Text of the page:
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Council to consider action against protestors


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Friday 16 March 2012

Council to consider action against protestors

Christchurch City Council will next week consider whether to take action to remove Occupy Christchurch protestors from South Hagley Park.

A report from staff will be considered at next Thursday's (22 March 2012) Council meeting, recommending a means for the Council to stop people from camping illegally in South Hagley Park.

Christchurch Mayor Bob Parker says the protestors have been illegally occupying a public space since October 2011 and the Council must consider the rights of all residents when deciding what action to take.

"We have received complaints about the protestors from other members of the public and there have been issues raised by the neighbouring Canterbury District Health Board.

"I understand that citizens have a right to protest, but in this case they are illegally occupying a site in breach of a bylaw.

"Council staff spoke with the protestors late last year to explain the situation and ask them to leave. They told us they would not be moving. We must now consider further action - in light of issues raised by other residents, perhaps it's time to say enough is enough.

"I had been planning to meet with protestors early next week to discuss the issues, however events have overtaken this meeting and it is no longer appropriate ahead of the Council discussions. I have informed the protest organisers that the Council will consider the issue next week and explained their right to make a deputation to that meeting."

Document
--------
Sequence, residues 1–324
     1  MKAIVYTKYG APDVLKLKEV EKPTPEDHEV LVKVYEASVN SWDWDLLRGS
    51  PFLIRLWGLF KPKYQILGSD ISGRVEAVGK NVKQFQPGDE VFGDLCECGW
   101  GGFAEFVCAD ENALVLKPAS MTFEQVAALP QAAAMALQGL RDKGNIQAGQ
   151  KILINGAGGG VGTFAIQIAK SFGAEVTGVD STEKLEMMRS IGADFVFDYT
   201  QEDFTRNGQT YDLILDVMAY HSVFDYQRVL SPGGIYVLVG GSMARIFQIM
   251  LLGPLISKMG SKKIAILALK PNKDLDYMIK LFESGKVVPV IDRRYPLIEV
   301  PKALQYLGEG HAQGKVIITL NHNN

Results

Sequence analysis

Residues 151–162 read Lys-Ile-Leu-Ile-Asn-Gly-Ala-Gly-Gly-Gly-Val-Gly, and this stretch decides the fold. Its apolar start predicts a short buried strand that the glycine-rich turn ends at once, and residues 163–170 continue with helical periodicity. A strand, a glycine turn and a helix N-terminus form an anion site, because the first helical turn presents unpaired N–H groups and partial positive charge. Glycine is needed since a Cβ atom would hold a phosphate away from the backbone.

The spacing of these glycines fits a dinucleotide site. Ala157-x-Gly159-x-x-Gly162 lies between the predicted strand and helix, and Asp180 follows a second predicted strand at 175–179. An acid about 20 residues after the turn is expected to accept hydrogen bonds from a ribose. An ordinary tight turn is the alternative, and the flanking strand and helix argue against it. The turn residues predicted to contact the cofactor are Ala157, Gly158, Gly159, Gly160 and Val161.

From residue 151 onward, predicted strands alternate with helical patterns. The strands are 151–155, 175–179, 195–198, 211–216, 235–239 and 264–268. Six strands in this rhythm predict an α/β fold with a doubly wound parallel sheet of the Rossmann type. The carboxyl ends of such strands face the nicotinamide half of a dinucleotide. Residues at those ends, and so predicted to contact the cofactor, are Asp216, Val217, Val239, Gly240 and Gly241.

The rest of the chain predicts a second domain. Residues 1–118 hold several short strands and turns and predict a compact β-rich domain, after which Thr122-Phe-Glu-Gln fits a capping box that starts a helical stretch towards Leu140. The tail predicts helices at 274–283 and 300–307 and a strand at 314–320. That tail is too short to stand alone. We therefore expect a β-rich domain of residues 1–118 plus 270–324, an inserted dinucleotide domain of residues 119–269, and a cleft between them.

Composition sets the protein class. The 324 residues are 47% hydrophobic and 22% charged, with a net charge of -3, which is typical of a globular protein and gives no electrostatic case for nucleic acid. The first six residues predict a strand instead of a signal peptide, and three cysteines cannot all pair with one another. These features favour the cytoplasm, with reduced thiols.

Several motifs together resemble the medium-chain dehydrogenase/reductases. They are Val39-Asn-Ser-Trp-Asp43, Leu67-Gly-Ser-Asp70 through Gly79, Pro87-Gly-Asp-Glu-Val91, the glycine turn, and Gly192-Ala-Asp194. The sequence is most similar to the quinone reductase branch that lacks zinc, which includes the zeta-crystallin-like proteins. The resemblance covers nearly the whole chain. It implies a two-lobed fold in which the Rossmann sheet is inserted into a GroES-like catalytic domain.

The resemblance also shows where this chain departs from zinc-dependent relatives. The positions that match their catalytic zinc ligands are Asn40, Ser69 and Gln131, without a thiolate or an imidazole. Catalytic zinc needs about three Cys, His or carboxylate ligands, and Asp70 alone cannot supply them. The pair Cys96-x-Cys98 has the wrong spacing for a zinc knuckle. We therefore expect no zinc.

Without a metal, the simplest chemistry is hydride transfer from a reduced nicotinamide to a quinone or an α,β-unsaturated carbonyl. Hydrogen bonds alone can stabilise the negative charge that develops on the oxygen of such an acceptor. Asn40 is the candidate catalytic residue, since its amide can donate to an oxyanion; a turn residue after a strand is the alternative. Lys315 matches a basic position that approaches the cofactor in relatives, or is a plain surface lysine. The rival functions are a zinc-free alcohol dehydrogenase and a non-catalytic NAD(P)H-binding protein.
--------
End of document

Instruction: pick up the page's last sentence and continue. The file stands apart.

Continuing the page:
South Hagley Park is vested in the Council as a recreation reserve for the purpose of recreation activities for the enjoyment of the public. The Council's Parks and Reserves Bylaw 2008 provides that no person may, without the prior written permission of an authorised Council officer:

* Place a sign in a reserve (clause 6(1)(d)); or * Camp in a reserve unless in an area set aside by the Council for camping (clause 10); or * Put up a tent or structure of any kind in a reserve (clause 10).

"As the protestors have not been authorised to camp there, they are committing an offence and this is what the Council will consider next week," Mr Parker says.

"Similar protest movements have been addressed by local councils in Auckland, Wellington and Dunedin, and our staff have been monitoring the outcomes of these situations before recommending a course of action in Christchurch.

"We were particularly interested in the legal outcome of the Auckland Council's application to the High Court to stop the campers from breaching a bylaw. The High Court decision was that the bylaw did not breach the Bill of Rights; it found that there was no fundamental human right to camp in a public place without a permit. This satisfied us that we would not be in breach of the Bill of Rights by removing the protestors.

"Some people have contacted me and asked why the Council has not already taken action; I think that a measured approach has been taken in this situation and good process has been followed. We have also had many busy months addressing the city's earthquake recovery needs, which must remain the number one priority for this Council."

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